Could Brett Brown and Gregg Popovich's basketball worlds collide in a trade this summer?
The Spurs are open to trading shooting guard Danny Green, according to Jabari Young of the San Antonio Express-News. Young pointed out the Spurs are not close to a deal.
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The Sixers should at least pursue a move if it is on the table.
Green would fit the Sixers' needs: outside shooting, defense and a veteran presence. Last season, Green, who turns 30 on Thursday, averaged 7.3 points, 3.3 rebounds, 1.8 assists and shot 37.9 percent from three in 26.6 minutes as a starter.
Green has averaged 8.8 points, 3.4 rebounds and 1.6 assists per game in his eight-year career. He is a career 42.3 percent shooter from the field and a 40.0 percent shooter from three-point range.
He is set to make an affordable $10 million next season with a player option for the same amount in 2018-19. That's a bargain in today's market and less than what some free agents will be garnering this summer.
The real hook here, though, is Green's connection with Brown.
The Sixers head coach was key in Green's development while on the Spurs' staff. Three-point shooting is just as much about mentality and confidence as it is skill. Brown helped boost Green's confidence to go after that open look.
The following is from a CSNPhilly.com article published in February when the Sixers hosted the Spurs (see full story):
Green joined the Spurs in 2010, already on his second team in as many years after being waived by the Cavaliers.
Brown urged Green, who shot a mere 27.3 percent from long range his rookie season, to keep taking his looks no matter how many times he missed. Green listened and went on to set the record for most three-pointers made in the NBA Finals in 2013. Brown has been instilling the same mantra in Robert Covington on the Sixers.
"Brownie's amazing," Green said. "He was always the positive guy and kept things even-keeled. He always told me to shoot the ball every time. … He's always that guy to brighten up the practice, brighten up the day, made our lives easier for us, made our jobs easier for us."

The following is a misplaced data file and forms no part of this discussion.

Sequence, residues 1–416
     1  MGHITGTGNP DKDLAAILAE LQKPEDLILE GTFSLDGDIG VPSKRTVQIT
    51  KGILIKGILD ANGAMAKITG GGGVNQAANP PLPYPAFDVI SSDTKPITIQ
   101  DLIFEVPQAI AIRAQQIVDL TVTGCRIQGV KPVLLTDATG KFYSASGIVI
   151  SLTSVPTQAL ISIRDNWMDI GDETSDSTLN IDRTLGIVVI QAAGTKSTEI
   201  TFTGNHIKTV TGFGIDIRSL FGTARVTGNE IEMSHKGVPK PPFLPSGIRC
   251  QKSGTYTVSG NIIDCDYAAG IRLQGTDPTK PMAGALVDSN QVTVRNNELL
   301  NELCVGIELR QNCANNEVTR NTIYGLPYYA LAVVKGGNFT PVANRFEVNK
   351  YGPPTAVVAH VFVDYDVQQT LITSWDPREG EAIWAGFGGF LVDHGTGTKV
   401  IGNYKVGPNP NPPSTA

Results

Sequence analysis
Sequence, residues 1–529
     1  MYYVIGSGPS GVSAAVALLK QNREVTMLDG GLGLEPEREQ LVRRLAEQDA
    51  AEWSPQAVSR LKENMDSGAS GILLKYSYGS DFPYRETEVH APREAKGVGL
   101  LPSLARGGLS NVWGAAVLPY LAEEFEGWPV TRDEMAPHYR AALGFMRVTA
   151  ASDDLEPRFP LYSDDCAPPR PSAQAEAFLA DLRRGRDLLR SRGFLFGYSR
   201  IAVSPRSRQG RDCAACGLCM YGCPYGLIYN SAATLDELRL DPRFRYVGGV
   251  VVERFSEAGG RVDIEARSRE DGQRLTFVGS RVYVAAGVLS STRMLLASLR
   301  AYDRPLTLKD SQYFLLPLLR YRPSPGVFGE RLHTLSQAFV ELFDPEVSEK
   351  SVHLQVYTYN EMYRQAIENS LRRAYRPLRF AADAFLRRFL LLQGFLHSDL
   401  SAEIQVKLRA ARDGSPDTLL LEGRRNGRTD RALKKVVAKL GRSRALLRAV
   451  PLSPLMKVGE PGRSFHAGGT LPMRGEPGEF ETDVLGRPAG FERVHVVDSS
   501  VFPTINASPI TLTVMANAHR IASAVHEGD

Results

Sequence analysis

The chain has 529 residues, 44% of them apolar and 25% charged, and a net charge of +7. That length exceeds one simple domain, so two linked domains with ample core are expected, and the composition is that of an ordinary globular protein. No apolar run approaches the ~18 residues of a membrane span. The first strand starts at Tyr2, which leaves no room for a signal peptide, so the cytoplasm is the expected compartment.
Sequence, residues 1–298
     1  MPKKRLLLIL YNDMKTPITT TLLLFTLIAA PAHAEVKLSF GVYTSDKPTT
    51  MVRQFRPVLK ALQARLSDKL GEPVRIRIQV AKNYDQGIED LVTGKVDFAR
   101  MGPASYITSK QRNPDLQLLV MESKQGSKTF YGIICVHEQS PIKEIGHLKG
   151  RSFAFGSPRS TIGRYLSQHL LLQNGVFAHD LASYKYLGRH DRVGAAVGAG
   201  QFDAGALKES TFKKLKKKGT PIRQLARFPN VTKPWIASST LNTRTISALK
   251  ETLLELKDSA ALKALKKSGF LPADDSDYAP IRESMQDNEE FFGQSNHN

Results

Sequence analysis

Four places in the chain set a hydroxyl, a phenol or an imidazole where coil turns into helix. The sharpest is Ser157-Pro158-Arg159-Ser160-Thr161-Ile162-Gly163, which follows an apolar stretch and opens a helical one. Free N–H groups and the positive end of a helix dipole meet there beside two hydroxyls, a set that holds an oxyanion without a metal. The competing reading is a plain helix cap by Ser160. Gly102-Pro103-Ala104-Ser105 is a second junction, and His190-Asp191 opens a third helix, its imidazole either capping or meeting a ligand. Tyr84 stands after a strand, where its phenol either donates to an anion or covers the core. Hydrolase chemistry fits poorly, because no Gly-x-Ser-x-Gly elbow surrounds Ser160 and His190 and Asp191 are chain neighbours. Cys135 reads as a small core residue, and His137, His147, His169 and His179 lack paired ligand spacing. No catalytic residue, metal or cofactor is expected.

Brown's presence was quickly missed when he parted ways to begin his career in Philadelphia.
"When he left and also Bud (Mike Budenholzer) left, it was just different," Green said. "It was after we lost, it was a tough summer, it was a tough year. ... Until we got back to the playoffs and back to the championship and won it, finally, the whole year was kind of a drag. … Everybody was hard on each other. There was a lot of tension, a lot of hostility, a lot of still thinking about that previous summer, previous year of losing.
"It was very hard and we lost that guy that mediates the locker room and the coaching staff - him and Bud. It was very different until we won it and then it kind of eased up a little bit. But still, since he's gone, the locker room's been different."
"I think he's the perfect fit for this job to turn things around, keep guys positive, stay above water," Green said. "If there was any guy to do it throughout a whole season with things going in the opposite direction, it's him."
The Sixers traded away a future first-round pick to the Celtics this week but they still have draft assets with which to work.
Looking at the current roster, Nik Stauskas could be appealing to the Spurs. He improved last season to 36.8 percent from three and is a long-range contributor who can play multiple positions. Stauskas also has an expiring contract.
Then there's the ongoing uncertainty about Jahlil Okafor's future with the Sixers. Center (and former Sixer) Dewayne Dedmon is opting out of his contract with the Spurs to become a free agent. Would the they take a look at Okafor at the five spot?
Again, Young noted the Spurs are not close to a trade. But if the Sixers have any questions about Green's game, Brown is the right person to call.